Taking the Guilt Out of Taking Time Off

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Americans are notoriously bad at taking vacations. According to a study commissioned by Project: Time Off, 55 percent of workers had unused vacation days in 2015. This was equal to 658 million days, of which 222 million could not be rolled over or paid out in any way. While that might sound like good news for the employers who didn’t have to work around their employees’ time off or pay for the unused vacation days, constant work without adequate downtime can actually lead to higher stress and lower productivity. And a workforce suffering from either of those is not healthy for your bottom line.

How can you encourage your employees to use their hard-earned vacation time? You can start by reducing their guilt. An Alamo Rent A Car study found that 47 percent of workers feel shame or guilt when asking for vacation time. The percentage jumps to 59 percent among Millennial employees, 42 percent of which do not hesitate to shame their co-workers who do decided to take vacations.

In addition, consider implementing the following best practices at your workplace:

  • Formulate a solid vacation policy. Whether you choose to offer a set number of days off for all employees or enable them to earn more vacation days with additional years of service, put your terms in writing. This includes determining how many days—if any—employees can roll over to the next year or setting a cap on the total amount they can accrue, two policies that may help prevent employees from sitting on unused vacation time.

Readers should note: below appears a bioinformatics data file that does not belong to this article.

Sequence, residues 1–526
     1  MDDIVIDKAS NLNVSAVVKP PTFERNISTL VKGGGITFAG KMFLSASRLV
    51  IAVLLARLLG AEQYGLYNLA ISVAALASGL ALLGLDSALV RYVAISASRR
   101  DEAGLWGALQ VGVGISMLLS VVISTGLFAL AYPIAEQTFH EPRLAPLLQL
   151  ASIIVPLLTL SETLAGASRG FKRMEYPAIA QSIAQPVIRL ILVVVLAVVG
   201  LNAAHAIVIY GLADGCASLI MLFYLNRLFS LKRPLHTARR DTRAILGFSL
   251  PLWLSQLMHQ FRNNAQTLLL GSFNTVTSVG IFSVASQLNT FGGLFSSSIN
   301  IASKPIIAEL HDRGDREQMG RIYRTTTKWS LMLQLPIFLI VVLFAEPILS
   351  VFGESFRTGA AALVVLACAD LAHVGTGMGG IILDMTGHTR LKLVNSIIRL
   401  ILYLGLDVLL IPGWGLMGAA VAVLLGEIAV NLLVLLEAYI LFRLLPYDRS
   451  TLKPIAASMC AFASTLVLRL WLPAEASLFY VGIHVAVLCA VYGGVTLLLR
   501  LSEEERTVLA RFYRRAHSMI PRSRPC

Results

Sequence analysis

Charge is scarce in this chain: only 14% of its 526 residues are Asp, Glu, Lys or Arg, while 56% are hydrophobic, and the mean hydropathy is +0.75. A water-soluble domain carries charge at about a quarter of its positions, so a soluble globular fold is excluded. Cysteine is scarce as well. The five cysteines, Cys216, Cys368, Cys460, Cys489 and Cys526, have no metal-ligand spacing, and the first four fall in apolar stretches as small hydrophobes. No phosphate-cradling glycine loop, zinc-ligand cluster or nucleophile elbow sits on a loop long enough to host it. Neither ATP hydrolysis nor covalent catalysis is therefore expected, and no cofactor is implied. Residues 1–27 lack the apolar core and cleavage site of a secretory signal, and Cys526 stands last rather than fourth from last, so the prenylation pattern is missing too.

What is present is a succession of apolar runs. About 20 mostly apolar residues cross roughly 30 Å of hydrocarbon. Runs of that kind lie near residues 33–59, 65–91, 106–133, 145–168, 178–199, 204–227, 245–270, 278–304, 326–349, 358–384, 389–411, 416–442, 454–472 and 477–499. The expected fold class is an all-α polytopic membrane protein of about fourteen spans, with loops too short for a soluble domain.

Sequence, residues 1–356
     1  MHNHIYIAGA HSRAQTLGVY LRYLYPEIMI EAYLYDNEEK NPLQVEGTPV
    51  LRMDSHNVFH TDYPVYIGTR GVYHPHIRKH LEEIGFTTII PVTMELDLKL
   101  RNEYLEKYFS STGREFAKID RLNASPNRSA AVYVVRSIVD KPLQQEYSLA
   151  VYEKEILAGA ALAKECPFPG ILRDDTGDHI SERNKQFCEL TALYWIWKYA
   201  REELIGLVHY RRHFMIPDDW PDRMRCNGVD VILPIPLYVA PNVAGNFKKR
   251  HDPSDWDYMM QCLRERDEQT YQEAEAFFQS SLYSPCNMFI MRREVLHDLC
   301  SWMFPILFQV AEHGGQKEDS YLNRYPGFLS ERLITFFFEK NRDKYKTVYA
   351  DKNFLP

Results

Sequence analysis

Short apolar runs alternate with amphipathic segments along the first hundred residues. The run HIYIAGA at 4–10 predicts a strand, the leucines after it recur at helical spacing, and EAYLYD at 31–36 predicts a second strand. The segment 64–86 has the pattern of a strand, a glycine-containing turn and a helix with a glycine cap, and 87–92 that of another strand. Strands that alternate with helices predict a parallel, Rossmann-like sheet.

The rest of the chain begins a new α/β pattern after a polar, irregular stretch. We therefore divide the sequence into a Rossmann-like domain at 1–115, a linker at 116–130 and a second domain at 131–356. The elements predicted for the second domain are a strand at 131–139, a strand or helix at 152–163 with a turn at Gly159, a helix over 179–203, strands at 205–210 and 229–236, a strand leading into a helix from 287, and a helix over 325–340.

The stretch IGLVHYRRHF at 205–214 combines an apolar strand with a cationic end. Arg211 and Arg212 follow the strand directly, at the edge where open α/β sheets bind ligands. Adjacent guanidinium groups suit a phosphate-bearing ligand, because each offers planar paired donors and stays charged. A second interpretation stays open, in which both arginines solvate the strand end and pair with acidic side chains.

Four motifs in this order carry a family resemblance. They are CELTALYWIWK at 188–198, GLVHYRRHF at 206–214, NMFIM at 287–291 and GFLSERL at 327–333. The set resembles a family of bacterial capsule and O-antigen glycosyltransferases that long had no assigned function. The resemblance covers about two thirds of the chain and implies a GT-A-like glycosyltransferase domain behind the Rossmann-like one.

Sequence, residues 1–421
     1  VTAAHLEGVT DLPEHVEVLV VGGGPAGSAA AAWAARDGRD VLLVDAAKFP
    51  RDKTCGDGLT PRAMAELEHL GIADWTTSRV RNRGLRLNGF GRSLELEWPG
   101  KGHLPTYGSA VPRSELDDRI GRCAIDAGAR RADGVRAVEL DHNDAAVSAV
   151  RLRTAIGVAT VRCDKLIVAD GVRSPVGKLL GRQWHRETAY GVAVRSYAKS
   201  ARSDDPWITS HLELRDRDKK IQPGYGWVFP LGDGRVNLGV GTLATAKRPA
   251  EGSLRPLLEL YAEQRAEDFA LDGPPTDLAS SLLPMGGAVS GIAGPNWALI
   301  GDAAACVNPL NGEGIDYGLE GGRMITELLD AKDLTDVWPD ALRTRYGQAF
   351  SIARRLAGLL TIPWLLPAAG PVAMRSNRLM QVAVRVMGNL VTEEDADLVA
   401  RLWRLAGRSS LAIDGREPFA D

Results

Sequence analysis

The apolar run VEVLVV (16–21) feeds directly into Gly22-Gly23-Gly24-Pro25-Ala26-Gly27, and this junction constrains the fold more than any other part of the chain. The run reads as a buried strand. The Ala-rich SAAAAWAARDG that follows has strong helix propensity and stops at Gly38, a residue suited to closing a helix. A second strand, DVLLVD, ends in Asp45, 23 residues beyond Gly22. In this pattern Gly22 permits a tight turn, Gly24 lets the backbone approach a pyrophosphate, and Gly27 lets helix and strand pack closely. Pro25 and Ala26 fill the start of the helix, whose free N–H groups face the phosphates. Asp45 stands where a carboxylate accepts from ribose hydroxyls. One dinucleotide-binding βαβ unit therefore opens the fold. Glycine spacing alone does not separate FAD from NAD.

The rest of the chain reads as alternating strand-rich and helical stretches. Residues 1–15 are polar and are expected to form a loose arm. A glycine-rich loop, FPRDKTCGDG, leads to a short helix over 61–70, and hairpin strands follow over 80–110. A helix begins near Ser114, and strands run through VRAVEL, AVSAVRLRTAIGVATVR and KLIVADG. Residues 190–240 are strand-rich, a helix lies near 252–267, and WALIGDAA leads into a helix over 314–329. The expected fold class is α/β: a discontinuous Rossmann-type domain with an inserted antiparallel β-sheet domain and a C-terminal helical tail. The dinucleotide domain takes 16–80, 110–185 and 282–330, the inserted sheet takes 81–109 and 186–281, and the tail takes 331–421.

• Communicate it frequently. Don’t just talk about vacation time when interviewing potential hires. Make sure your vacation benefit is spelled out in your employee handbook and periodically review the details at staff meetings. Keep an eye on vacation time accrued by each employee and encourage them to use it.
  • Help workers redistribute their workloads. The Project: Time Off study also found that 30 percent of employees don’t take time off because they don’t think anyone else can do their job. Thirty-seven percent are afraid they’ll return to a mountain of work. You can encourage your team to use their vacation time by offering to aid in the redistribution of their workload and cross training other employees to cover vital duties.

Set a good example. It’s important for your employees to see you—and your management team—take vacation time off.